1. Traditional Banks Unlikely to Fall Victim to Fintech Revolution in APAC

    Traditional Banks Unlikely to Fall Victim to Fintech Revolution in APAC

    Traditional Banks Unlikely to Fall Victim to Fintech Revolution in APAC Wednesday, 13 September 2017 () Consumer Protection Paramount as Regulators Mull how to Foster Innovation while Regulating Digital Disruption: Whitepaper ATLANTA, HONG KONG and SHANGHAI, Sept. 13, 2017 /PRNewswire/ -- The emergence of Asia-Pacific as a global leader in fintech (financial technology) can be linked to banks restricting lending during the 2008 financial crisis, however conventional banks are unlikely to fall victim to tech interlopers, according to a new whitepaper from LexisNexis Risk Solutions. *Chris Foye, Manager, Financial Crime Compliance, LexisNexis Risk Solutions*, said: "When the 2008 financial crisis hit ...

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      Discourse, Entailment, Machine Translation, NER, Parsing, Segmentation, Semantic, Sentiment, Summarization, WSD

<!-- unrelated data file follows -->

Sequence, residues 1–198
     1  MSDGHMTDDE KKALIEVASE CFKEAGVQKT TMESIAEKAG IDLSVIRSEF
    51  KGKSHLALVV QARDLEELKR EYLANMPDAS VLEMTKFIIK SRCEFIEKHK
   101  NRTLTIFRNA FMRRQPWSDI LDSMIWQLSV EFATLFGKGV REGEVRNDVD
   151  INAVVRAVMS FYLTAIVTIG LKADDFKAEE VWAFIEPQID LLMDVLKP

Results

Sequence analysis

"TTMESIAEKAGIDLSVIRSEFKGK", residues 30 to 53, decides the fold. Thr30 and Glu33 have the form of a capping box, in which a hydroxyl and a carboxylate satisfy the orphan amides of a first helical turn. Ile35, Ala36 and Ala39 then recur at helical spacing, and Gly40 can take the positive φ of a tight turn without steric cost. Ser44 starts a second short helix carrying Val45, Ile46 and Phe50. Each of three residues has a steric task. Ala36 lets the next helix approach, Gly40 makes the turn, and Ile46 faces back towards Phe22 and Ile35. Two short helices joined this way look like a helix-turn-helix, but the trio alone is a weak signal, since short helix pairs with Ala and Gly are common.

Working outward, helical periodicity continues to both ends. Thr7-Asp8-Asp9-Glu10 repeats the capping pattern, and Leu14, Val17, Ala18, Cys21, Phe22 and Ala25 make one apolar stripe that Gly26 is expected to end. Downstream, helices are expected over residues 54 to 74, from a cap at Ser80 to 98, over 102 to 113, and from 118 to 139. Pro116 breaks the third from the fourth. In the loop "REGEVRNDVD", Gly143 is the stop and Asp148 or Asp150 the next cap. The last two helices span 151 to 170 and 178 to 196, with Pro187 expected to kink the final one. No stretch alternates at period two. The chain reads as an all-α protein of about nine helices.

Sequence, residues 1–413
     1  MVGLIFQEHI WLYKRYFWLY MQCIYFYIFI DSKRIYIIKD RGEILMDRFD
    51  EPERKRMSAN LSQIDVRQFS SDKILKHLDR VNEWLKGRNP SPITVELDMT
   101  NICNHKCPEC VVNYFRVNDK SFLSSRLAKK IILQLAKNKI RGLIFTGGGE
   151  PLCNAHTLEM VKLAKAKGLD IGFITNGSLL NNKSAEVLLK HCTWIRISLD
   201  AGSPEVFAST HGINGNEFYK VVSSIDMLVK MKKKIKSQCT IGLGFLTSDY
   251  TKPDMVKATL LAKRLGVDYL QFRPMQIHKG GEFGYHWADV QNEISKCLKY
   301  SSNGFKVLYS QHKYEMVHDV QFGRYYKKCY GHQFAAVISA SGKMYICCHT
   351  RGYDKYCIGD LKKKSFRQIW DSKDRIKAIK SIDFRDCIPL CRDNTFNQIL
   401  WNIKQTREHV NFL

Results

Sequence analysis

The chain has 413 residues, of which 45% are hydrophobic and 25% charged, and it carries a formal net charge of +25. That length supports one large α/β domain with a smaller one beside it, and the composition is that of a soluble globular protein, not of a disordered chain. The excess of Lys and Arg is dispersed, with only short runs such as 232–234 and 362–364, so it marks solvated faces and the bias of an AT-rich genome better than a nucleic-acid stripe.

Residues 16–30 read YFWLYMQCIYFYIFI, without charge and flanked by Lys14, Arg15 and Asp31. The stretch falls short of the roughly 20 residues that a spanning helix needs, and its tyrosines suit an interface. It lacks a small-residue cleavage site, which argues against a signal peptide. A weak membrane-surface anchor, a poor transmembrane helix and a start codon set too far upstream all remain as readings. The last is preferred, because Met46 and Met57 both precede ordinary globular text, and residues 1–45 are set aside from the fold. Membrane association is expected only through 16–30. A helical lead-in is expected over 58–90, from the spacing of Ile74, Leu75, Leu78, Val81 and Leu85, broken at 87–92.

2. Quotes

    1. When the 2008 financial crisis hit and some banks started to restrict lending, small businesses were impacted along with other segments of society. This unmet market need coincided with changing customer expectations, including customers increasingly using digital channels, thus reducing the need for
    2. Concern is occurring within the industry that this rapid pace of innovation could come at the cost of consumer protection. Moreover, some fintech companies are not adhering to the same regulatory/compliance standard of traditional banks.
    3. This concept is beneficial in several ways. Sandboxes can reduce time to market, provide greater choice to consumers and ensure consumer protection is factored in. It also allows fintech companies to gain a better understanding of what is expected of them in terms of regulation and compliance.
    4. Many financial institutions are taking this a step further through collaboration.
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